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Guide to Gluten Free Flours

Guide to Gluten Free Flours

Learn the different gluten free flours, what works best in each type of recipe, and how to combine them so you get the best results!

Everyone likes to use the word “overwhelming” when talking about the best gluten free flours. And I totally agree. Baking especially can get overwhelming, and expensive, super fast.

The first time I tried to make gluten free biscuits, the results resembled something closer to a hockey puck than a biscuit. Even my dog, who will eat anything, looked at it like, “wtf is that?”. I am a stubborn human, so I coated it in a thick layer of butter and jam and claimed I liked it.

That was a lie to myself.

Since that horrible night of biscuits, I made it my mission to understand gluten, how to bake without it, and how to make it taste good.

 I’ve spent the last year since developing my wheat allergy experimenting, reading studies on the molecular properties of oats and quinoa (seriously!), and have developed this guide to have you navigate your way through the gluten free baking aisles of your grocery stores. Plus, they are all pretty easy to find and I’m saving you the grocery bills of testing out all these different flours!

What Is the Role of Gluten in Recipes

Gluten is a protein found in wheat products. This is the protein that those with wheat allergies and celiac react to in the food. Gluten is formed when two of the proteins in wheat, glutenin and gliadin, come into contact with water. The more gluten a flour produces, the more air is trapped inside of the dough.

For bread making, this trapping of air via a gluten net is important. The dough holds onto these gas bubbles, giving the bread rise and an open crumb.

For cookies and cakes, this is why bakers recommend for you not to overmix, as you don’t want to develop those gluten proteins from activating via over agitation and exposure to moisture.

So, gluten does a few things for food.

One, gluten makes the dough … dough-y. The more your kneed your breads and pizza crusts, the more the gluten develops, forming those elastic bonds, to give it stretch and bind the dough together.

Two, gluten gives the dough rise. The more you develop that gluten, the more air is trapped inside.

Why You Can’t Swap Gluten Free Flour for Wheat Flour

Understanding the how and why gluten is formed should help you understand why we can’t use a conventional gluten recipe, simply swap out the flours, and expect the same results. No matter what we do, a simple 1:1 will never be exactly like the gluten flours in either taste, texture, or behavior.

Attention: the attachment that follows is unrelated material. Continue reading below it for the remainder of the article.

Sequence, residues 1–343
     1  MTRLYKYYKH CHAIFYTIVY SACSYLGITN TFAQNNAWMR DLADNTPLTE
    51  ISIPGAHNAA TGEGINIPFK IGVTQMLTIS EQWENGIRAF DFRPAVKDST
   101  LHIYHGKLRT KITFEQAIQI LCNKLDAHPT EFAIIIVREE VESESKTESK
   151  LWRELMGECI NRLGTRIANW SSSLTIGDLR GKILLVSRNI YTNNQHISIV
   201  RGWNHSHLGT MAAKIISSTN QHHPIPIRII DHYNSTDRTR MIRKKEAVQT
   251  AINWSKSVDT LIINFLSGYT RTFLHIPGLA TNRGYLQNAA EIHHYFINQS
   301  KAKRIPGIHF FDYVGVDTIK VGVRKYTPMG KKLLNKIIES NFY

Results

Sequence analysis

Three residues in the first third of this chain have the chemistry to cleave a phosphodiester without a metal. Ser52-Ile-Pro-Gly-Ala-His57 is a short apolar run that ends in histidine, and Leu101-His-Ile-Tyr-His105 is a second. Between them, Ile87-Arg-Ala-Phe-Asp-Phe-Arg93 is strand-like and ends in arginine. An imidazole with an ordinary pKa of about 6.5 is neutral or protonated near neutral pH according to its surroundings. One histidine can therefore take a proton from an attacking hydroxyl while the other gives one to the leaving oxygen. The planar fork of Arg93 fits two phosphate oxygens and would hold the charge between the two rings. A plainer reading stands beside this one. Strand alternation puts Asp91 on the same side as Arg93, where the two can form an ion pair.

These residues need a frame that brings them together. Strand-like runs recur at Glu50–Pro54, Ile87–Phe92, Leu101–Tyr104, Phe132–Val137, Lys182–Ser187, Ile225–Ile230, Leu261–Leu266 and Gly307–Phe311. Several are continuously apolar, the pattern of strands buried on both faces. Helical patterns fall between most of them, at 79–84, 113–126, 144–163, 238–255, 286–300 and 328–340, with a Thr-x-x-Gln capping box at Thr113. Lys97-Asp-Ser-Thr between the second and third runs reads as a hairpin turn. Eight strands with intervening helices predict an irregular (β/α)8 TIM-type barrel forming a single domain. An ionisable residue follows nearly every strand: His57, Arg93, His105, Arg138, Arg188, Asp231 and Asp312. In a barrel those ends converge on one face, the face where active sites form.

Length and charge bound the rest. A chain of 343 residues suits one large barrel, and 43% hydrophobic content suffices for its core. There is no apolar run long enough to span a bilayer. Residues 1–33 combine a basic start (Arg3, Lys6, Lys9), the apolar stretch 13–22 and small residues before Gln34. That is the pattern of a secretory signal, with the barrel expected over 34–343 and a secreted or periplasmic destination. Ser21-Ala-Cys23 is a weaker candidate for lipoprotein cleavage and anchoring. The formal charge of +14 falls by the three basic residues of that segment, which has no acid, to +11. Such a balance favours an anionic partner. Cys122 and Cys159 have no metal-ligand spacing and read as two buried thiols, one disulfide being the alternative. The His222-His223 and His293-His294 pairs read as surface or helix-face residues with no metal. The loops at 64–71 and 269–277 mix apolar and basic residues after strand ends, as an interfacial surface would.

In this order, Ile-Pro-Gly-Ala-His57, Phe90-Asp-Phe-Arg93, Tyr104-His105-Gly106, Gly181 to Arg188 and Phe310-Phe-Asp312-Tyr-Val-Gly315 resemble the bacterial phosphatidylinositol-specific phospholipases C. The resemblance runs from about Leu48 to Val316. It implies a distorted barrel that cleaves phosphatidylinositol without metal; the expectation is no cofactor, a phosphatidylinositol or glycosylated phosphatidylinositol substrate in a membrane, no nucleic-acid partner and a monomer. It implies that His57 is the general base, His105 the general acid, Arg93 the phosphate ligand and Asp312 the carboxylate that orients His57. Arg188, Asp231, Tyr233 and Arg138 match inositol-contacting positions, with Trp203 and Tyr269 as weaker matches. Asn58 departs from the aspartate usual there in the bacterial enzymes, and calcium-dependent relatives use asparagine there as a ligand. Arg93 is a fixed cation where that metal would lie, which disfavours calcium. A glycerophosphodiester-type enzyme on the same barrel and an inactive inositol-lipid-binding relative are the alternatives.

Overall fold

A good gluten free recipe needs to have the different ingredients serve the dual purposes of gluten. You need to have good binding and you need to have rise. That is why there are so many different combos of flour that you can use to achieve these results.

Types of Gluten Free Flours

There are 3 types of gluten free flours that you should focus on for gluten free cooking and baking. Starches, low protein flours, and high protein flours. Each of them needs to be combined to mimic the properties of wheat flour in your recipes.

Gluten Free Starches

Starches don’t have a ton of taste, rather they are used to thicken the dough. You often find these in gravy and sauce recipes to make things rich and creamy. Just using a starch in the recipe won’t work, as they are a binder but not much else. Some common starches include:

  • Corn starch
  • Tapioca Flour
  • Arrowroot Powder

One of my favorite ways to incorporate arrowroot powder is in my Crispy Korean BBQ Tofu recipe! The arrowroot helps to hold the sauce to the tofu while making it bake up crispy.

different gluten free flours in bowls // livingbeyondallergies.com

Low Protein Gluten Free Flours

A majority of gluten free recipes use these common low protein gluten free flours as a 1:1 substitution for wheat flour. While they do contain protein as they are a grain, the protein is much lower, and doesn’t contain gluten so no gluten structure would be formed.

They are best when combined with other flours. These flours also have a tendency to be grainy.

  • Rice flours (both white and brown)
  • Corn flour
  • Oat flour
  • Amaranth
  • Quinoa
  • Teff
  • Sorghum
  • Buckwheat (not wheat, just suffers from a poor name)
more types of gluten free flours // livingbeyondallergies.com

High Protein Gluten Free Flours

These high protein gluten free flours are not actually formed from grains at all, but rather from beans and nuts! This gives them a good protein structure, making your food chewy and working wonderfully in used as a coating for fried items. They don’t work well for thickening sauces and puddings, however.

  • Chickpea flour
  • Fava bean flour
  • Soy flour
  • Almond meal

Combining the Different Flours

How to combine the different gluten free flours really depends on what you are baking and how the flour is to be used.

Cake recipes call for a lighter flour blend. Stick with low protein flours and starches.

Cookie recipes can be a little denser in texture, can use a combo of low protein and high protein depending on the flavors you want to achieve.

Breads are the most difficult and will require a balance of all three to achieve a good structure while also remaining dough-y and tasty.

My Favorite Gluten Free Flour Blends

For those just starting on their gluten free journeys, I can’t recommend enough how helpful pre-made gluten free flour blends can be. These can basically be used as a 1:1 ratio in most recipes. Of course, there are variances and it won’t work in everything. But two of my favorites are Pamela’s All-Purpose flour for cookies, cakes, and brownies, and Better Batter for breads, pie crusts, and cookies.


 



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